‘War heroes’ or ‘war criminals’?

Former KLA commanders traveling to the Hague in recent weeks were bestowed with the glory of heroes by Kosovo leaders, even though some have already been convicted for war crimes by local courts.

In April 2008, the former chief prosecutor of the International Tribunal for the Former Yugoslavia, ICTY, Carla Del Ponte, who filed indictments against the main KLA commanders among others, claimed in her book “The Hunt: Me and War Criminals” that immediately after the war, they were trafficking the organs of Serbian prisoners.

After publishing this book, the Committee on Legal Affairs and Human Rights of the Parliamentary Assembly of the Council of Europe charged the Swiss Liberal Democrat, Dick Marty, to draft a report on these charges and prepare a draft resolution.

In December 2010, Marty published a report entitled “Inhuman treatment of people and illicit trafficking in human organs in Kosovo,” claiming that while Serb forces were withdrawing and NATO was entering Kosovo, the KLA committed many crimes against Serbs, against Kosovo Albanians suspected of being ‘traitors’ or ‘collaborators,’ as well as against the victims of internal conflicts within the KLA.

Marty also added that NATO were “de facto allied” with the KLA as they entered Kosovo, yet NATO’s inability to establish control over the territory at a time when “numerous crimes were committed” against these groups meant they were unable to punish those responsible.  

There can be no denying that, after the end of the war in Kosovo, innocent civilians Serbs and other ethnic and political groups were murdered. Many international organizations for human rights that reported on the violation of the rights of the Kosovo Albanian citizens’ by Serbian and Yugoslav authorities raised their voice about these murders.

The post-war murders were best documented in the report “The Abductions and Disappearances of Non-Albanians in Kosovo” from 2001 by the Humanitarian Law Fund, under the auspices of human rights activist Natasa Kandic.

The report of the Fund said that in the period from June 12, 1999 until September 1, 1999, 835 Kosovo citizens of Serb, Montenegrin, Bosnian and Roma nationality disappeared or were abducted in Kosovo.

According to the report, from this overall number, the KLA released 141 of the kidnapped, 24 of them escaped from KLA prisons, 13 were released through KFOR mediation, 62 were killed after being kidnapped, and the last 593 are still considered as missing, from which 257 were kidnapped by KLA or by persons acting on behalf of the KLA.

336 others are still considered missing under unclear circumstances. These murdered and missing are among some 13,500 people murdered in Kosovo; most of whom were Kosovo Albanians.

In August 2015, the Kosovo Assembly approved the establishment of the Kosovo Specialist Chambers and Specialist Prosecution Office, known as the ‘Special Court,’ in order to investigate the crimes referred to in the Dick Marty’s Report, and in January 2019, the Special Court summoned some of the KLA commanders for interview.

Leaders of the main Kosovo institutions – The Speaker of the Assembly, the President and the Prime Minister – all three of them top KLA leaders, after meeting with the commanders that were summoned for interview by the Special Court before they went to the Hague, stated that the KLA war was fair and “clean.”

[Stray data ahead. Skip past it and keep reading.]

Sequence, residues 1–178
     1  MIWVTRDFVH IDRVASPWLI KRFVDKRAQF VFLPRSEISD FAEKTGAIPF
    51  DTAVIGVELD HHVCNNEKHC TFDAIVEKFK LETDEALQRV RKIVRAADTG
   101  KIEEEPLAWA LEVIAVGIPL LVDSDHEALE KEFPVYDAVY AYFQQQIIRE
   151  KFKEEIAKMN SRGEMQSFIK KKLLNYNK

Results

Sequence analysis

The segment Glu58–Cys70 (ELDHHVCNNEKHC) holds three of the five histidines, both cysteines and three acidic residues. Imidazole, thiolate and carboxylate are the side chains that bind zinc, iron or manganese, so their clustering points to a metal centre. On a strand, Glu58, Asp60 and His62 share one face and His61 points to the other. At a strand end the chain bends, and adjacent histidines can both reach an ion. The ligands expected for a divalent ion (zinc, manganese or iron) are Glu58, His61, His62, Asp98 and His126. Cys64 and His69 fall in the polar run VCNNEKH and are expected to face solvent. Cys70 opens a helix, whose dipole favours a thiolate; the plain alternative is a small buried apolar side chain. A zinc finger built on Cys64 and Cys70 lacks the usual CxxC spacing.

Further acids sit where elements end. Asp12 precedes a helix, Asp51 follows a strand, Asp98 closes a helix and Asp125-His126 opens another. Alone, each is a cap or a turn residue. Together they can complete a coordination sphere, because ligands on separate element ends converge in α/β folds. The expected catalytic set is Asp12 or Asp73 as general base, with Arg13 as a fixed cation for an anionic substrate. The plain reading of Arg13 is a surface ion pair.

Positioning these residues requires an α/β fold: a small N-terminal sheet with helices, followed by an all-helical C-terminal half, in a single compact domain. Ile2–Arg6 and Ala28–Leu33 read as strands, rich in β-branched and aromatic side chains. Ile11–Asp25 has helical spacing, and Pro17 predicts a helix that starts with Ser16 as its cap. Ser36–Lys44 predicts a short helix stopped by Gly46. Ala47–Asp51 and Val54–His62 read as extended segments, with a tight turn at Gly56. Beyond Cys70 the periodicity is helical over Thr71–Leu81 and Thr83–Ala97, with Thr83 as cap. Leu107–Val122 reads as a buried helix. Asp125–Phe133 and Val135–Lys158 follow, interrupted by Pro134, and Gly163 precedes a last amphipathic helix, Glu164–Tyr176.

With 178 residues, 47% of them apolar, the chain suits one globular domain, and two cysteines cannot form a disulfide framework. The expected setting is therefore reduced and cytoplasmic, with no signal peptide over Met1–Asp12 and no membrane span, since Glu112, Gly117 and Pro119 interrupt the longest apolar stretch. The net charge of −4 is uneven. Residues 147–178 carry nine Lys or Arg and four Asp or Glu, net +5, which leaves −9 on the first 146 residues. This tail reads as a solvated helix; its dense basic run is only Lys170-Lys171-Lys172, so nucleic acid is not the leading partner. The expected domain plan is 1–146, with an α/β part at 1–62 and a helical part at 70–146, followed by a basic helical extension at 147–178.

The purpose of the KLA war – Kosovo’s freedom – was just, but the KLA war was not a clean war because of the crimes that were committed, crimes in which top KLA leaders, unfortunately, were also implicated.

When the issue of the establishment of the Special Court was brought before the Kosovo Government for approval, the current Kosovo President, Hashim Thaci, and the Speaker Kadri Veseli claimed that the justness of the KLA war would be cleared up with the establishment of this Court, and therefore called upon MPs of the Kosovo Assembly to vote in favor of its establishment.

The KLA war was not all clean, however, and this has been proven by the decisions of local courts in Kosovo. One of those summoned by the Special Court, the former Commander of the Llapi Operational Zone Rrustem Mustafa, alias ‘Remi,’ was found guilty in 2013 and imprisoned for four years for war crimes, a conviction which was also confirmed by the Court of Appeals.

Furthermore, the President of Kosovo has described those who were summoned for interview at The Hague as “war heroes, who will forever remain as such for the people of Kosovo.” Although these commanders were not previously convicted, the statement of the President is scandalous. The President of Kosovo ignored the decision of the Kosovo courts, which have sentenced Rrustem Mustafa recently summoned to the Hague for war crimes. 

By meeting the commanders before leaving for the Hague, giving them flags and by praising them as well, the leaders of Kosovo institutions have proven to the world that Kosovo’s political institutions do not differ much from their Serbian counterparts, institutions which have even organized a book promotion for the former Yugoslav war commanders convicted in the Hague for their criminal offenses.

While Kosovo Albanians are rightly complaining about the accomodation of Serb criminals in Serbia’s institutions, we should in no way have such practise being copied by Kosovo institutions. Of course, these situations largely cannot be compared, due the well-known fact that Serbia committed systematic crimes across Kosovo.

However, we are aware as well that Serb, Roma, and Albanian civilians were murdered, and a number of them are still missing today since the last war.

The opinions expressed in the opinion section are those of the authors only and do not necessarily reflect the views of BIRN.

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